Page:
Dr. Lester Grinspoon, a leading advocate for marijuana research long before it became mainstream, died in June, just one day after his 92nd birthday. He had spent the last five decades as a tireless advocate for marijuana law reform and for research into the uses of cannabis.
Grinspoon, a psychiatrist and Harvard professor, also wrote 12 books. Interestingly, he first took an interest in cannabis to classify the dangers it posed. But after research, he turned into a cannabis advocate.
One of the people who influenced Grinspoon to have an open mind about cannabis was the late Carl Sagan, who himself had become a fan of cannabis.
His son, Dr. Peter Grinspoon, announced his father’s death on Twitter. He said his father died peacefully at home with Betty, his wife of 66 years, by this side. In an item about Grinspoon’s death on their website, the leaders of NORML wrote that Grinspoon’s “extraordinary personal commitment to advancing both marijuana policy and the NORML organization demonstrated his deeply held belief that we all have an obligation to fight injustice whenever and wherever we find it.”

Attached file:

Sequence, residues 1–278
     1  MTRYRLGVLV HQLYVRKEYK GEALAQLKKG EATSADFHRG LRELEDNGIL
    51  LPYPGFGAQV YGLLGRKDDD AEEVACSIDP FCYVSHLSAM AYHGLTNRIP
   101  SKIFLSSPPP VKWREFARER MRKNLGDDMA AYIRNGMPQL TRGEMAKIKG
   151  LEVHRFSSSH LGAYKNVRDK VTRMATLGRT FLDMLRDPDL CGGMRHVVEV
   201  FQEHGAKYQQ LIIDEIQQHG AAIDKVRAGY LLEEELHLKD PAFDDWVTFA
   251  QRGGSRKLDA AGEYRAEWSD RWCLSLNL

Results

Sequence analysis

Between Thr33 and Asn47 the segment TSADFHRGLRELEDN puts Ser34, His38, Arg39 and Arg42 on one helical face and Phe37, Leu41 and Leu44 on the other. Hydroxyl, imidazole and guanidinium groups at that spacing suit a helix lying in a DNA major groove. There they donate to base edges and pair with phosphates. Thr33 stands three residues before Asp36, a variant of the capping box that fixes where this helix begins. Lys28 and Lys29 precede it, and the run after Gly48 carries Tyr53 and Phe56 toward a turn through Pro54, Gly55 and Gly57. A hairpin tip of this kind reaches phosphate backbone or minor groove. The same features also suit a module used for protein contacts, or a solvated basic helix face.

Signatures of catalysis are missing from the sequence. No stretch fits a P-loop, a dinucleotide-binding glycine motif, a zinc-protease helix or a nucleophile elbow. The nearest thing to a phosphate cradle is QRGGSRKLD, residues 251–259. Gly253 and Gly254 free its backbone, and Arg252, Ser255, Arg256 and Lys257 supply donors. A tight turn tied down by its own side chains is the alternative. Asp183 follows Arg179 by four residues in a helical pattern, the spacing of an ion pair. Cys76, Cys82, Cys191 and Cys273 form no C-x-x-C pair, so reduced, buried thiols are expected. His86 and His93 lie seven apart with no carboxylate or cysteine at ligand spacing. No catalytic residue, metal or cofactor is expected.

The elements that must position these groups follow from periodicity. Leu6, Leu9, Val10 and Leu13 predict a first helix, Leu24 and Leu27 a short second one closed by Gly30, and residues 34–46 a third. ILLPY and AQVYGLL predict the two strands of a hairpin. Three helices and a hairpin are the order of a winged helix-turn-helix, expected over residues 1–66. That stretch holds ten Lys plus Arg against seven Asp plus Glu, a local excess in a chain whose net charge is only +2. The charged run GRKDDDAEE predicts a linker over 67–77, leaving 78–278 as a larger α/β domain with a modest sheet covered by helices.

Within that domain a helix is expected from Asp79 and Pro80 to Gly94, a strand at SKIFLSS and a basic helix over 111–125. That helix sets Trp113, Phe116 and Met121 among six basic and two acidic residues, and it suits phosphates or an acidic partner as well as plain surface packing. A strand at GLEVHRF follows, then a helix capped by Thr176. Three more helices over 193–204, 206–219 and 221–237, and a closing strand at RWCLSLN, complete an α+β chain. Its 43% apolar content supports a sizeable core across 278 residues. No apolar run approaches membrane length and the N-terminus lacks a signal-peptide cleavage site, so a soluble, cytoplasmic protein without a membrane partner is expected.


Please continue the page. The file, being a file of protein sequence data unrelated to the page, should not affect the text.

Grinspoon Originally Believed In The Dangers of Marijuana
Believing cannabis to present a danger to the public, Grinspoon started reviewing all the research available in the late 1960s and early 1970s. He reached the opinion that authorities should not treat cannabis use as a crime. Like Sagan, he also learned that under the right circumstances, cannabis use could enrich a person’s life.
The two ended up smoking weed together often. In a 2013 interview with Vice, Grinspoon said that at Harvard in the 1960s, he had concerns about Sagan and others smoking marijuana. However, he said that when he said as much to Sagan, “He’d wave the joint in front of me, and reply, “Oh Lester, have a puff, it’s not going to hurt you a bit and you’ll love it.”
He later saw firsthand how cannabis could help a person deal with cancer treatment. His son, Danny, died from cancer while still a teenager. But he benefited from using cannabis to relieve pain and nausea in the last year of his life, according to NORML.
A Voice No One Could Ignore
Grinspoon’s credentials made it impossible for people to ignore his advocacy for marijuana and marijuana legalization.
In his book, “Marijuana Reconsidered,” Grinspoon argued that cannabis use should not be a crime. Because of his position on the Harvard faculty, political leaders and researchers took him seriously. The tide seemed to start turning on drug reform. By the late 1970s, he felt as if it was only a matter of time before marijuana was sold as a legal drug.
However, the renewed emphasis on the War on Drugs during the Reagan Era of the 1980s pushed that back by decades, but Grinspoon did live to see cannabis become legal in many states.
Grinspoon ended up joining NORML. He served for many years on the NORML Board of Directors. In 1999, NORML created the Lester Grinspoon Award for Outstanding Achievement in the Field of Marijuana Law Reform, the organization’s highest honor.